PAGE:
Civ. No. 3734.
May 3, 1921.
APPEAL from a judgment of the Superior Court of the City and County of San Francisco. James M. Troutt, Judge. Affirmed.
The facts are stated in the opinion of the court.
Gerald C. Halsey and Frederic T. Leo for Appellant.
Walter H. Linforth for Respondents.
The plaintiff brought this action to recover from the defendants, husband and wife, the sum of six thousand dollars, alleged to be due as a deficiency after sale of real property under a deed of trust given to secure a promissory note. The trial court held that the note had been paid, satisfied, and discharged, and gave judgment for the defendants, from which the plaintiff appeals. Insufficiency of the evidence to support the above finding of the court, and errors in admitting evidence, are the grounds relied upon to secure a reversal of the judgment.
In presenting the question of the sufficiency or insufficiency of the evidence to support the court's finding that the promissory note, on which was based the right of the plaintiff to recover, had been paid, satisfied, and discharged on May 28, 1914, counsel for the respective parties have each presented a careful analysis of the testimony. These discussions only serve to emphasize what clearly appears from the record, that there is an irreconcilable conflict in the testimony of the two real parties to the action. It was the province of the trial court, under such circumstances, to accept the evidence of one or the other as true, and if satisfied therewith, to decide the issues in the light of such testimony. In doing so it was proper for the court to indulge the legitimate inference and deduction arising from the testimony in arriving at a proper understanding of the facts it considered directly proved. ( Maxson v. Llewellyn, 122 Cal. 195, 198, [54 P. 732].)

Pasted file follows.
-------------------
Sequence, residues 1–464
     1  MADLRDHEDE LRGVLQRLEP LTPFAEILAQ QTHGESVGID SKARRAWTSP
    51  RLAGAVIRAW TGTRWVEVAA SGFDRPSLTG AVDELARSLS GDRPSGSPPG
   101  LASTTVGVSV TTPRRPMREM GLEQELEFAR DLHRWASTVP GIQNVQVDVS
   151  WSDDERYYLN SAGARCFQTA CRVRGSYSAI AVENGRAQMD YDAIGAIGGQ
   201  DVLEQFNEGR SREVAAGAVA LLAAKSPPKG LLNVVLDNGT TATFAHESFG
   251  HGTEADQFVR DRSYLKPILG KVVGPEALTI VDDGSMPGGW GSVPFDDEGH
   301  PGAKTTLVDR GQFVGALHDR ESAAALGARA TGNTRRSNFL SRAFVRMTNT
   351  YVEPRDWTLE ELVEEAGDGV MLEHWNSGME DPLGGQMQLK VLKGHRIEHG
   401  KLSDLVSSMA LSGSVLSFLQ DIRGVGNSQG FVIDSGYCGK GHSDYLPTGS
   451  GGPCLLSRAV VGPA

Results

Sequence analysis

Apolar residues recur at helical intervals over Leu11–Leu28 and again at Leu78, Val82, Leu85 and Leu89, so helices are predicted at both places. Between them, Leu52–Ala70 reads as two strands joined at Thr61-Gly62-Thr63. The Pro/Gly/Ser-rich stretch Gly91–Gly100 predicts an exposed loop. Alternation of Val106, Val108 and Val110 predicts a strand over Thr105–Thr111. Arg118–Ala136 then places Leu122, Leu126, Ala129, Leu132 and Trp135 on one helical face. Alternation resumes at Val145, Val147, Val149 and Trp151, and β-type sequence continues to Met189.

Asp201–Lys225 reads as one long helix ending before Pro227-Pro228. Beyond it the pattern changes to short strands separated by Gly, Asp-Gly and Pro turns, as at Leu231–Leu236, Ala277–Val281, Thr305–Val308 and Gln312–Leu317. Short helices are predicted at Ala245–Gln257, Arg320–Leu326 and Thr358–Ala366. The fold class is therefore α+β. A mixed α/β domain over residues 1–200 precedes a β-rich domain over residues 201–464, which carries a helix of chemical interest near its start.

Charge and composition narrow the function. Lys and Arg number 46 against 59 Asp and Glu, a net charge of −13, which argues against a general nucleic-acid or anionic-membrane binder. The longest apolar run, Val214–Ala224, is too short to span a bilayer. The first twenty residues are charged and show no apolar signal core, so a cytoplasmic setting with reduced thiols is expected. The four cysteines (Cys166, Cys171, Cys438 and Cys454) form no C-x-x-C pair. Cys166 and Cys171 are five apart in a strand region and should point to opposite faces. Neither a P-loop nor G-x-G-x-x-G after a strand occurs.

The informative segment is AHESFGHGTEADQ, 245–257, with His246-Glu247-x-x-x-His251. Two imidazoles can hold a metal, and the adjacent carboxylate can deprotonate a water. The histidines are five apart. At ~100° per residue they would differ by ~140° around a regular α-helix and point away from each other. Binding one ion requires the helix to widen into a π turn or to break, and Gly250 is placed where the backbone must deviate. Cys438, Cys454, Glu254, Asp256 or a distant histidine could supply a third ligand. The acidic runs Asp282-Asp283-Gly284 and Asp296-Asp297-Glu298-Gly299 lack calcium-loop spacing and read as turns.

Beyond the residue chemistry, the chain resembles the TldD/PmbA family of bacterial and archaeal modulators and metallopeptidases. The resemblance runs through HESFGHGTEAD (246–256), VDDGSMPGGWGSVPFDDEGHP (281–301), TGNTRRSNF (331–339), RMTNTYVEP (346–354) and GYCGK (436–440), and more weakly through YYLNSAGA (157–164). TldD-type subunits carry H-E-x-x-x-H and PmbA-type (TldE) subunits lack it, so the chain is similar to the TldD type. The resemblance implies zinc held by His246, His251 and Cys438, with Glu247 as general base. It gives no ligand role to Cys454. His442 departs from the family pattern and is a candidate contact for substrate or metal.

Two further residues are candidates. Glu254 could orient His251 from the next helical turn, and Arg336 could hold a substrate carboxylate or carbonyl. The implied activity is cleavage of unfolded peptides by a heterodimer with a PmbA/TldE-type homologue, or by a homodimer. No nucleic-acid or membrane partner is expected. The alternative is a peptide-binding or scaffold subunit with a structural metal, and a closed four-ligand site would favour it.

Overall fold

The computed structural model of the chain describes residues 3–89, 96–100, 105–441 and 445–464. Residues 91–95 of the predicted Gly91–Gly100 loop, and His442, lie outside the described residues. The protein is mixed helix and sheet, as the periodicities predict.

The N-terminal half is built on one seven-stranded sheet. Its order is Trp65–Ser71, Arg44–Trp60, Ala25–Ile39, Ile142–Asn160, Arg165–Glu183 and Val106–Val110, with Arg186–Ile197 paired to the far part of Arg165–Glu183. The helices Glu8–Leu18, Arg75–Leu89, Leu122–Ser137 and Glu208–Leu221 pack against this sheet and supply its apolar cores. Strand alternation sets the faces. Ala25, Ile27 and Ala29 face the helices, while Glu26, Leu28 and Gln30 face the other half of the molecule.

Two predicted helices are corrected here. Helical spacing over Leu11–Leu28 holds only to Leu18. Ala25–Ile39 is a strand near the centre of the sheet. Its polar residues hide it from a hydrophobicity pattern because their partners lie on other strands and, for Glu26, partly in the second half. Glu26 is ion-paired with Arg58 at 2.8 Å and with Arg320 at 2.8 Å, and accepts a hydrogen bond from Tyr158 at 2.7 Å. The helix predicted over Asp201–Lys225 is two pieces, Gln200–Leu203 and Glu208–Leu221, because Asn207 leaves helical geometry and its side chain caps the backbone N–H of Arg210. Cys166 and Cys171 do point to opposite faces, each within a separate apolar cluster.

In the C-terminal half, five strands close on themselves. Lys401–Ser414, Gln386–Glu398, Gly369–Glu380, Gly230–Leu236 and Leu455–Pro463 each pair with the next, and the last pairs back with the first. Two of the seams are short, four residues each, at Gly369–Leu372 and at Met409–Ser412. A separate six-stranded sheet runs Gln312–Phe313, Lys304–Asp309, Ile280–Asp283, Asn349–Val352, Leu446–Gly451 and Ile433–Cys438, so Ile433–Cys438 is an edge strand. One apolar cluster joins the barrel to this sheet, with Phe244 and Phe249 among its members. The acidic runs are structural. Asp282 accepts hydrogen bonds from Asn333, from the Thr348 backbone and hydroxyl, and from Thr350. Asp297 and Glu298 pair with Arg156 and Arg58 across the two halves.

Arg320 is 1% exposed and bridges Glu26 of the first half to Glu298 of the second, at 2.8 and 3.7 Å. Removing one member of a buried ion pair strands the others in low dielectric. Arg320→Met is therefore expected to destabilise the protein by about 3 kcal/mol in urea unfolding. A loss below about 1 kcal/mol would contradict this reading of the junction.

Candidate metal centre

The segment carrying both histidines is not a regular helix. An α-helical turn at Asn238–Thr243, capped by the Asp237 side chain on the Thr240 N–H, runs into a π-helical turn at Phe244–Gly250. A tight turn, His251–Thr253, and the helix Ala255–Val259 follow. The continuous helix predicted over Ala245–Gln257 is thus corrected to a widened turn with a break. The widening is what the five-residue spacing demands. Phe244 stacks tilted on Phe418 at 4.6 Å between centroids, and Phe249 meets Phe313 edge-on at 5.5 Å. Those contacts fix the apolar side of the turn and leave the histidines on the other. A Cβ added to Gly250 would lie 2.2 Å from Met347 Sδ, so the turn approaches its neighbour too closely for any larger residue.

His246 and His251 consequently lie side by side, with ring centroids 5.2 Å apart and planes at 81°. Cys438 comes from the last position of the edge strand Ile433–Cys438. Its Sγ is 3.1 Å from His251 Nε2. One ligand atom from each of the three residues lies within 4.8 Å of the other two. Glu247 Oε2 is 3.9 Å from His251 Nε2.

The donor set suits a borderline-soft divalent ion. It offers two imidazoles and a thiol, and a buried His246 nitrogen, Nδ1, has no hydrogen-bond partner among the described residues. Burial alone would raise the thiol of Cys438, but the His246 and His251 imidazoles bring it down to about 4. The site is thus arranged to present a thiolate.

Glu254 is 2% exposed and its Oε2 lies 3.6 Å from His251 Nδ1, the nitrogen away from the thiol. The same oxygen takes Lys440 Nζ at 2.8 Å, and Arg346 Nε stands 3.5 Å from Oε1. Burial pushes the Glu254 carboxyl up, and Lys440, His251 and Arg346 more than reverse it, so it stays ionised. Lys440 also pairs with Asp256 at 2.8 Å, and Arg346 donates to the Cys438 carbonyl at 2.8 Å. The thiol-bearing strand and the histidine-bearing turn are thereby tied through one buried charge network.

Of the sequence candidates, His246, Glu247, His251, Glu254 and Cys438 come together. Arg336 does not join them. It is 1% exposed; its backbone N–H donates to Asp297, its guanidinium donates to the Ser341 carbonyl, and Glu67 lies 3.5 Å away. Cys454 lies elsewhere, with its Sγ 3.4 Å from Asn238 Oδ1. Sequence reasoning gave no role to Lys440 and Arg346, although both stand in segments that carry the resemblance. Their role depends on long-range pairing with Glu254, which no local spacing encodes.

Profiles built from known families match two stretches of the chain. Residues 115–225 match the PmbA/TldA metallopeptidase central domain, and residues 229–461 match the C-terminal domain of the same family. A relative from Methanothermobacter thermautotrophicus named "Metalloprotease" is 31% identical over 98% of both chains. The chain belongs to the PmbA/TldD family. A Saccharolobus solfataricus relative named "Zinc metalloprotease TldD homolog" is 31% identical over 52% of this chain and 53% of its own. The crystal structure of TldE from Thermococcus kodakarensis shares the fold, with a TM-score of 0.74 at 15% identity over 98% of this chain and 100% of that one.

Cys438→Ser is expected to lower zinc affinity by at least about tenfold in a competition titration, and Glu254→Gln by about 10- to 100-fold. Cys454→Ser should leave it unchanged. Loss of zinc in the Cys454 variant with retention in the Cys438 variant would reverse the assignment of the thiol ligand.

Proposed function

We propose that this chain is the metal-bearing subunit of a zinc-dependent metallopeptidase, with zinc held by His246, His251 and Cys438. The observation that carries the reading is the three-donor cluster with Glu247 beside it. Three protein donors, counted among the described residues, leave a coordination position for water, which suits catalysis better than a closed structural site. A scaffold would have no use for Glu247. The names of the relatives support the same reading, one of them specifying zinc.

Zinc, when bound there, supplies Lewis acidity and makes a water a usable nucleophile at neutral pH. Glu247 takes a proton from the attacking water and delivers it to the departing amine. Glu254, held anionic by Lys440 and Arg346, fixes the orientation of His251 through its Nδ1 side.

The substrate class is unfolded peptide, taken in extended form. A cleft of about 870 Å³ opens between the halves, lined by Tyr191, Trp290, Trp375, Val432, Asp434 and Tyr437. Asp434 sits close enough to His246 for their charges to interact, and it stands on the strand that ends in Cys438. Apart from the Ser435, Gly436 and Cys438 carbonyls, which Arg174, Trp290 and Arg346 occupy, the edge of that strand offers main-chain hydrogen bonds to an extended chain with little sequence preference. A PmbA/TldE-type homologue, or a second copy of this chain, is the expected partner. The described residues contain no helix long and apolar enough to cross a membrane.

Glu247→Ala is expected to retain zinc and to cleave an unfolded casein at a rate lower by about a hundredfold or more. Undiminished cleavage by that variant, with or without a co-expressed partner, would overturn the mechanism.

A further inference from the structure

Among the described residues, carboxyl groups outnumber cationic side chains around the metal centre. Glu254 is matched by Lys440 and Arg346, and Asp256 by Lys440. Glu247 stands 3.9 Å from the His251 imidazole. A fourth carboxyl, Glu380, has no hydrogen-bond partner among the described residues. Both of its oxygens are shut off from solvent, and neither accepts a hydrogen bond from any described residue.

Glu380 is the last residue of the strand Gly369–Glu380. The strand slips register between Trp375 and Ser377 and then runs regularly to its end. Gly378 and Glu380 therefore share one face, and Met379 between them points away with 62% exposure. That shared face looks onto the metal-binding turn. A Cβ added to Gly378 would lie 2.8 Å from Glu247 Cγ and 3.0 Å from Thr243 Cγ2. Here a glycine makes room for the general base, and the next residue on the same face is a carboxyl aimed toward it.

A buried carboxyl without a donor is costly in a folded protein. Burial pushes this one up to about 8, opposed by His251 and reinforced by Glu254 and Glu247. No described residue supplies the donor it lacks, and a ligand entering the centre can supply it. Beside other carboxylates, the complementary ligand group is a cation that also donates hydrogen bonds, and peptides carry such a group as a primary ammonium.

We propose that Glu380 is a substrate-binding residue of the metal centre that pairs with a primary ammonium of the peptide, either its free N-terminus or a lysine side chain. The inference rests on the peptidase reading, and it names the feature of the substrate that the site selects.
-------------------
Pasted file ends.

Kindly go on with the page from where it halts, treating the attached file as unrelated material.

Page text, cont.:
When there is evidence in the record which, if believed and accepted as true by the trial court, is sufficient to support its findings and judgment, the appellate court cannot disregard the lower court's decision and reverse the judgment on the ground of the insufficiency of the evidence. And this is so even though the appellate court may be of the opinion that the weight of the evidence is against the finding. ( Lewis v. Covillaud, 21 Cal. 179, 190.) The motives which may have impelled the parties to testify as they did, the circumstance that certain lines of defense may have been drawn very late in the case, and the probability, or improbability, of the facts established, were matters for the consideration of the trial court and not for this court on appeal.
The relations between J. W. Wright, who the court found to be the real party plaintiff in the action, and the defendant, Frederick F. Heine, began in 1913, when Heine, through Wright acting as his agent, purchased an unimproved lot in the city of San Francisco. In dealing with the property and making arrangements for erecting a building thereon, Heine mortgaged the easterly half of the lot to one Murdoch for eighteen thousand dollars, and arranged with Wright to advance him certain additional sums of money, not exceeding six thousand dollars, as a building loan on the same property. He and his wife thereupon executed the promissory note which forms the basis of this suit for the sum of seven thousand five hundred dollars to the J. W. Wright and Sons Investment Company, and secured its payment by the execution and delivery of a deed of trust of the one-half of the real property. Heine erected a building on the half of the lot at a cost of thirty-one thousand dollars. In May, 1914, he gave to the J. W. Wright Company, Inc., an option for the entire property, agreeing to sell it, free of all encumbrances, for fifty-six thousand dollars. Within the time limited Heine and wife executed a deed to Walter J. Rowley, a clerk, who seems to have been working indiscriminately for Wright and the two companies bearing his name.
On September 1, 1917, alleging that only five hundred dollars of the principal of the seven thousand five hundred dollar note had been paid, the substituted trustee under the deed of trust proceeded to sell the half of the property covered thereby to satisfy the indebtedness. At the trustee's sale, of which the defendants had no notice, Wright purchased the property for the sum of one thousand dollars, subject to the Murdoch mortgage, and received the trustee's deed therefor. After crediting this one thousand dollars upon the note, Wright caused the J. W. Wright and Sons Investment Company, ostensibly the holders of the obligation, to transfer the note to this plaintiff, and thereupon commenced this action to recover from plaintiff six thousand dollars, alleged to be due by reason of the facts we have related.